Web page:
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Your brain – Are you using it?

February 24, 2015

People have historically accepted as truth all the data provided by government, under the premise that the government will provide both good source data and objective conclusions to create policy. That might be a somewhat naïve conclusion in today’s world.

Case in point…the nutrition debate.

In an odd juxtaposition of environmental and dietary science, or what currently passes for same, the Washington Free Beacon reports that the Dietary Guidelines Advisory Committee (DGAC) apparently thinks the U.S. should go vegan, and as usual they are advising that we should increase taxes and government surveillance to shrink both our waistlines and our carbon footprint.  The  571-page report, which will eventually form the basis for the government’s latest attempt to define what constitutes a healthy diet is open for public comment for 45 days.

Not that anything the public thinks about the report will have the slightest effect on what the government decides to do, particularly when there is a chance to add another tax to the mix.

The report goes into great detail attempting to show how reducing the consumption of meat, particularly red meat, would have a positive effect on our “carbon footprint.” How dietary science got woven into environmental science isn’t hard to understand, given the amount of money at stake for the backers of both doctrines.

Still, given that this administration is all about “transforming” anything they don’t like into a revenue stream, and the goal of this report is to “transform the food system” you can be sure that this report will result in some revision to how Americans are allowed to eat.

The motive of this report is not just about reducing obesity in America.  It’s about further government control of the American experimental organism, er, people.

In an article in the Washington Free Beacon   by Elizabeth Harrington on February 20, 2015, the DGAC is quoted as saying the following:

The persistent high levels of overweight and obesity require urgent population- and individual-level strategies across multiple settings, including health care, communities, schools, worksites, and families,” they said.”

The article continues in part as follows:

“In response, DGAC called for diet and weight management interventions by “trained interventionists” in healthcare settings, community locations, and worksites.

Government at local, state, and national levels, the health care system, schools, worksites, community organizations, businesses, and the food industry all have critical roles in developing creative and effective solutions,” they said. 

DGAC also called for policy interventions to “reduce unhealthy options,” limit access to high calorie foods in public buildings, “limit the exposure” of advertisements for junk food, a soda tax, and taxing high sugar and salt items and dessert.”

Regardless of your views on obesity and freedom of choice, this is uncomfortably Orwellian, or if that reference is too archaic for you, you could equate it to Jonathan Nolan’s “Person of Interest” TV show (

On the plus side, the DGAC did rescind its 30-year old warning about foods containing dietary cholesterol such as eggs, doubling down against saturated fats found in cattle products such as red meat, butter and whole milk instead.

Interesting, given that untold millions or our tax dollars have been spent to fund research and public education campaigns to convince us that all animal-based food products contain higher concentrations of cholesterol than plant-based foods and are thus bad for us.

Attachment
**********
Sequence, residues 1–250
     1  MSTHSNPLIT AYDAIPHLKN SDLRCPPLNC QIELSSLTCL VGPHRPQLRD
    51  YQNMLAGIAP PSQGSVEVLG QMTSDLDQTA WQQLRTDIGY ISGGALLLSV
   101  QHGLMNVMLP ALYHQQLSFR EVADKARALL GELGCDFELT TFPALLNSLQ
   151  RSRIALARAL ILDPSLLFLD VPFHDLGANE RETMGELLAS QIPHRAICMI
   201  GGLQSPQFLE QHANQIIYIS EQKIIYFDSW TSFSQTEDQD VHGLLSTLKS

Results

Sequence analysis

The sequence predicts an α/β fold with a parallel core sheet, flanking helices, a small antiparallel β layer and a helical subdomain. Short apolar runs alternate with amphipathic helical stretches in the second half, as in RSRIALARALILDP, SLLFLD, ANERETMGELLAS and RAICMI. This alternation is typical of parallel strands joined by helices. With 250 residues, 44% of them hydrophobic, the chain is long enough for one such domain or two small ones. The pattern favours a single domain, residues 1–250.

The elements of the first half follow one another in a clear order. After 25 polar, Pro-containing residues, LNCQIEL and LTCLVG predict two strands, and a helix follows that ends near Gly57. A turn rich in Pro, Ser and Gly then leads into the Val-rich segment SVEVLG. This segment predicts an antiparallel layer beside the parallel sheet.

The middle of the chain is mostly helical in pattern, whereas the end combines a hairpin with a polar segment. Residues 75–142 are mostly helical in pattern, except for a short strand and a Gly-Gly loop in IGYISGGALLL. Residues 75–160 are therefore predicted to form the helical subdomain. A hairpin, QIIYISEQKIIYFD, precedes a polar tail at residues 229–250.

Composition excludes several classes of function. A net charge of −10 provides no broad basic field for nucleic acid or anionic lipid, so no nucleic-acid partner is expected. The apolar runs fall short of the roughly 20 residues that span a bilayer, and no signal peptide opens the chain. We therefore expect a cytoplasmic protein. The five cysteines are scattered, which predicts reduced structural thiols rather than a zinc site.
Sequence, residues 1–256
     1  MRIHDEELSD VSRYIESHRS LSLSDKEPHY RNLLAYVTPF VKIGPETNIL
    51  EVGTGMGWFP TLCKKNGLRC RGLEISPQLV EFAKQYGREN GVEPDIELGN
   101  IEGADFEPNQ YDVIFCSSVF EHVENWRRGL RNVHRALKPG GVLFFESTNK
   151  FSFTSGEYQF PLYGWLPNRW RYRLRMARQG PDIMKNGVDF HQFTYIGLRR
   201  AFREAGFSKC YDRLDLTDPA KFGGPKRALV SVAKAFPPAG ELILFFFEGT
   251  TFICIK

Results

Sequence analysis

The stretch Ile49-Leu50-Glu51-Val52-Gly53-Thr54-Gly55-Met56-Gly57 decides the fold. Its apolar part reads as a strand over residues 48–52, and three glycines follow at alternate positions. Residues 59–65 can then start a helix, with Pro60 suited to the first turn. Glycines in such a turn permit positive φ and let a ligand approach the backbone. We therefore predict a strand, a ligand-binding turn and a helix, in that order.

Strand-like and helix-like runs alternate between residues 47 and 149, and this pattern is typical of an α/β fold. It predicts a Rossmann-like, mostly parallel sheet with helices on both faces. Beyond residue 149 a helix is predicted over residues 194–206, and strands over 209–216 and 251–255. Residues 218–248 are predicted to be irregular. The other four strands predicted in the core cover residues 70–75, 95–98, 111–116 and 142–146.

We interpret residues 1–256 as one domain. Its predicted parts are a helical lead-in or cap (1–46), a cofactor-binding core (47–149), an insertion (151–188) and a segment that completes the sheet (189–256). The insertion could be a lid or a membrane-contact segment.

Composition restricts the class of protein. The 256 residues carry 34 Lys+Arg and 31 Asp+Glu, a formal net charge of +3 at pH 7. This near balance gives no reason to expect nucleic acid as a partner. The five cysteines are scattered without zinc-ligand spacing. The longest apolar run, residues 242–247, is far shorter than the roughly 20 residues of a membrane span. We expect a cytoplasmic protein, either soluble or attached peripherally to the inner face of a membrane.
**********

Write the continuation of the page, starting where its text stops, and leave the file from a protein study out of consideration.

Can we get a refund now that the DGAC has concluded that probably isn’t true, at least for otherwise healthy people?

Many people, if they bothered to read the news reports at all, simply scoffed and said “fat chance of any of that happening.”

The problem is, like ISIS when it threatens violence, when this administration says it wants to do something to “transform” American behavior, it promptly follows through and does it. It’s one of the few areas that they actually take seriously.

You can absolutely bet that the FedBizOpps and websites will very shortly reflect an urgency to accomplish the goals of the report by throwing millions at “community nutrition re-education” and ever more “nutrition-based obesity control” research.

Of course, this report isn’t about healthy eating at all. If it was, it would simply say, “learn about portion sizes and your particular calorie needs, and limit your food intake to levels that do not cause you to gain weight.” No, it’s about propping up environmental opposition to meat and energy producers and generating new sources of tax revenue.

More importantly, it’s about government control in general.

Supposedly, we developed brains for a reason. If you want to eat a vegan diet, that should be entirely up to you. Only you and your doctor know if that’s healthy for you. By the same token, if you want to go on a red meat and salad diet, that should be your choice as well. One size actually doesn’t fit all, in clothes or policy.

Obesity is not just about food choices. If we were really serious about it, we could ban all electronic devices, TV’s and vehicles of any kind, including the planes these people use to get to their conferences. There’s nothing like walking 10 miles to work every day to trim the old waistline and it would sure reduce our dependence of fossil fuels. Getting to Europe might be a little tricky, but hey, swimming and rowing are good forms of exercise too.

About that superior brain we supposedly developed because of a better and more diverse diet? Wouldn’t it be nice if we collectively used it occasionally?

From → op-ed

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